Marjorie Shaffer’s book “Pepper”…. a review and a giveaway

DSC_0744Too often, we have looked at them without realizing how intricately they are connected to our history.  In case you are wondering, I am talking about those two little guests on your dining table, the salt and pepper shakers. Did you know that of these, pepper, was not an easily available spice in the past? As Marjorie Shaffer mentions in her eponymously named book Pepper, black pepper was the botanical Helen of Troy. Before we get too deep into the details, I must admit that as a food history buff, I was quite hooked by the book. I never realized that so much could revolve around a simple spice. The book, which is very well researched and written, starts with a simple introduction to pepper and then moves on to the twists and turns in European history linked to the discovery of this spice.

DSC_0758_blogWhile I thoroughly enjoyed reading the book, at the same time it was very intense. Sometimes I had to stop and re-read a couple of pages to get back in sync with the story. The more I read, the more I was surprised how those history classes I sat through in school almost two decades ago suddenly made more sense now. If you are a casual reader, it might be a bit too much for you but you can still flip through the book and find interesting peppery tidbits of information. I wish the book was written more like a storybook than a serious history, but to be fair that was probably not the author’s intention. The book is deeply engaging, with a simple and comprehensible style that helps the reader to absorb the huge amount of information that flows from its pages.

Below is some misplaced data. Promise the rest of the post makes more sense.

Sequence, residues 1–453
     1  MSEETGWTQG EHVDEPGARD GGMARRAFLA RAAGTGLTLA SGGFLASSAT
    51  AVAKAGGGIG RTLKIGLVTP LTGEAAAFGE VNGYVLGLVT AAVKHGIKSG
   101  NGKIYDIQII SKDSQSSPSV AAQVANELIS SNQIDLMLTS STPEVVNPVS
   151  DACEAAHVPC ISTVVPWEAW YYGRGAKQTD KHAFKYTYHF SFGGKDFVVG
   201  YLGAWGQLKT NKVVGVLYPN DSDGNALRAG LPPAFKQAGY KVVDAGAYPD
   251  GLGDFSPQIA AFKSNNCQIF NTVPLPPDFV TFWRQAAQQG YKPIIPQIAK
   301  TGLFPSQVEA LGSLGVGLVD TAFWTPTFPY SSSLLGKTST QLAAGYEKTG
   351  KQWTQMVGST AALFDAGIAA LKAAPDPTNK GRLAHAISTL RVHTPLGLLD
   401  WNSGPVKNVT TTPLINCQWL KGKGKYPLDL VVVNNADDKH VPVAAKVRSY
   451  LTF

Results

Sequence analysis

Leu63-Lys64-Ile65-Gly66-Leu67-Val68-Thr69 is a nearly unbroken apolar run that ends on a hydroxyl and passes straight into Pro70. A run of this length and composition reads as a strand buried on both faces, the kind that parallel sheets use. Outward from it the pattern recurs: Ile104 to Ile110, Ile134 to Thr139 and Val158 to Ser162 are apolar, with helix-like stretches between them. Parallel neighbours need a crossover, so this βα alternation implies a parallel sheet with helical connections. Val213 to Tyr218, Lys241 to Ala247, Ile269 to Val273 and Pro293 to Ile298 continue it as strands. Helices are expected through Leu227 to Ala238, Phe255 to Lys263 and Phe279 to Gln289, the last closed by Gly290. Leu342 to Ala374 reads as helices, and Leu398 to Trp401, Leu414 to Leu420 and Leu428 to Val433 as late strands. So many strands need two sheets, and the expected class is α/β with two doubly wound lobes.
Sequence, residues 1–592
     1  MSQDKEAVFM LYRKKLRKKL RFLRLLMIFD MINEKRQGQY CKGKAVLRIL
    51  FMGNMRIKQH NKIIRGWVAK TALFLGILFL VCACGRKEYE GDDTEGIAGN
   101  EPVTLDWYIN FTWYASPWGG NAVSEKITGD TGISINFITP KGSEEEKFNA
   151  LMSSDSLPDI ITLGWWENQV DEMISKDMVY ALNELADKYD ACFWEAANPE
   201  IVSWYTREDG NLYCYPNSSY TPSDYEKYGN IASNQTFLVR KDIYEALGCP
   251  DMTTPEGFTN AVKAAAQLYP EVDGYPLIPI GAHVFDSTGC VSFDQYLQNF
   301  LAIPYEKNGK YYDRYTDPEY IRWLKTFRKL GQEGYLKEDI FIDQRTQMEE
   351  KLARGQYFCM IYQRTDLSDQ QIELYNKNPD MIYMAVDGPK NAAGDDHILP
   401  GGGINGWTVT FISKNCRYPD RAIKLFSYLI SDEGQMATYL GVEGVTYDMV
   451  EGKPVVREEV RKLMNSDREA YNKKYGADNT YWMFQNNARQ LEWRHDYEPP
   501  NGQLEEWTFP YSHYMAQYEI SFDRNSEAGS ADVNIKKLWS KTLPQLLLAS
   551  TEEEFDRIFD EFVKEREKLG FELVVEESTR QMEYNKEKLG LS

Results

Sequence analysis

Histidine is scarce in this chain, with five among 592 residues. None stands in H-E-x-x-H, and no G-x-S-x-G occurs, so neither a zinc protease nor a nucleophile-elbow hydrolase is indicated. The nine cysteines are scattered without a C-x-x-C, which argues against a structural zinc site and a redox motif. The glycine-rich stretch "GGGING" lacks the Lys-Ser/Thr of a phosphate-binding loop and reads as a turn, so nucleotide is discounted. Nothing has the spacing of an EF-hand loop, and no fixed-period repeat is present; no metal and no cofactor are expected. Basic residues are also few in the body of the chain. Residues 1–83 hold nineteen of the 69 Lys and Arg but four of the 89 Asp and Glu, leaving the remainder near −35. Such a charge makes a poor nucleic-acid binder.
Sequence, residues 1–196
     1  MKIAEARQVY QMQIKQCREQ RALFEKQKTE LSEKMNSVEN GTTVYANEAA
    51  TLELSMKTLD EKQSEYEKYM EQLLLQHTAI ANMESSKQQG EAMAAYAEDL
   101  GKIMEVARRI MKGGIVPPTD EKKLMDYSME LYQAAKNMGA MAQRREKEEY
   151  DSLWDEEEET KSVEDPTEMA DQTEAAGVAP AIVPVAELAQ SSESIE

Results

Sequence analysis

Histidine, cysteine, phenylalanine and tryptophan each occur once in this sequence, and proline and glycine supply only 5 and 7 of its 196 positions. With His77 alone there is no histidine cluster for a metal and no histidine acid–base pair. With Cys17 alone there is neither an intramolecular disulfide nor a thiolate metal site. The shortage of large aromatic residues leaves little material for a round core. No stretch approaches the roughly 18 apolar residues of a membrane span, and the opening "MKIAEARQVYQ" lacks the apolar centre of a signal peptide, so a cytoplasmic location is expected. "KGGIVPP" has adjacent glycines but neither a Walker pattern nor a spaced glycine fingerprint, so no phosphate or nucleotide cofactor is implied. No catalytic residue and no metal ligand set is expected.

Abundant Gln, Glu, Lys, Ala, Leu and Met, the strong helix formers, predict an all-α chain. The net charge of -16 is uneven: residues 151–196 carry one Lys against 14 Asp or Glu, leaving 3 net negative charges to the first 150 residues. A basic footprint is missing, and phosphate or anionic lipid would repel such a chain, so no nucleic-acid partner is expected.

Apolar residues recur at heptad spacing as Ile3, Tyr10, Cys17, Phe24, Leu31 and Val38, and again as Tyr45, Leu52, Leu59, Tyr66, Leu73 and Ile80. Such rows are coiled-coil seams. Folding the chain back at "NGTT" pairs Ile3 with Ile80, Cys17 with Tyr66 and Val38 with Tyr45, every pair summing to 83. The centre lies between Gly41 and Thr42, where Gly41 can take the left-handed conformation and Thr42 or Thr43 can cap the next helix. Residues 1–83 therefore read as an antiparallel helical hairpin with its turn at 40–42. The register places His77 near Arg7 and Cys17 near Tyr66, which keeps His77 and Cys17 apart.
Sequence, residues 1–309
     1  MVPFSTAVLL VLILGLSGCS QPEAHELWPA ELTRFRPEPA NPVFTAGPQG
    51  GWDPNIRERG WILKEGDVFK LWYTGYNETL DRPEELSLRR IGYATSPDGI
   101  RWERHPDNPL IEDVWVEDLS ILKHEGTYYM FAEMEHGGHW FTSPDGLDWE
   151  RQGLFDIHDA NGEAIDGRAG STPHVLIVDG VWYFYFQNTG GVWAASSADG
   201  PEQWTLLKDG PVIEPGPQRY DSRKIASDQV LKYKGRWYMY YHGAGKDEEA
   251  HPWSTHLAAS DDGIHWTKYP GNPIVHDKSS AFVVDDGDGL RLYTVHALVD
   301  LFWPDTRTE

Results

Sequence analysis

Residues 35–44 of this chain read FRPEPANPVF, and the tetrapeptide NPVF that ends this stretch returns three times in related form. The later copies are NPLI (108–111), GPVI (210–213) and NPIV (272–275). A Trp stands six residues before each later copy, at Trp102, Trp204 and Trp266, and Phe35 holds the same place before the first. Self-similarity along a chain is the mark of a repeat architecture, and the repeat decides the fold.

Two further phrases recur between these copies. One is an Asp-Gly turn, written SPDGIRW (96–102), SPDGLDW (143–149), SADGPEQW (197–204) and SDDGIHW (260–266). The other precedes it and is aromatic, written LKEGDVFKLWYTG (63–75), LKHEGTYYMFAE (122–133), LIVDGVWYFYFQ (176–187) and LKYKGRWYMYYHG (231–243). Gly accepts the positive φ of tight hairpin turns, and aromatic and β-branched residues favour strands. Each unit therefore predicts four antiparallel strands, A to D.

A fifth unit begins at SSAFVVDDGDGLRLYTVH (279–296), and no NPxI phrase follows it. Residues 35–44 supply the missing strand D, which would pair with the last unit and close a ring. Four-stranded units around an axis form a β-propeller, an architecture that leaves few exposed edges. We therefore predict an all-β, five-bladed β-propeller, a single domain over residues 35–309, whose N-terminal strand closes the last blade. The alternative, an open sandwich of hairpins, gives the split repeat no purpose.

DSC_0760_blogOverall I would highly recommend this book to anyone with even a passing interest in culinary history. Not only did I get a broader perspective of world affairs relative to pepper and a comprehensive idea about the different types of pepper, their biological and medicinal roles, but I also learnt that Yale University was named after Elihu Yale, a governor of the East India Company who made his huge and illegal fortune in the pepper business. Also, to my surprise, I came to know that paan (Betel leaf, Piper betel) belongs to the pepper family as well. I think I will have to read the book one more time to  absorb more knowledge from it.

DSC_0766_blogNow guess what – I am doing a giveaway of the book and will randomly choose a lucky winner who will receive a copy of this book (readers from all over the world) and a bottle of peppers (US readers only). All you have to do is send in the name of a dish, which has pepper in it as an ingredient or condiment. And also you don’t  HAVE TO  ‘like’ my page on Facebook but it would be nice if you do so. You’ can also read more stories about delectable Indian foods and drool at some pictures, if you are so inclined. The last day to send in your entry is August 2nd, 2013.

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Pora aamer shorbot/ Aam panna/roasted mango drink: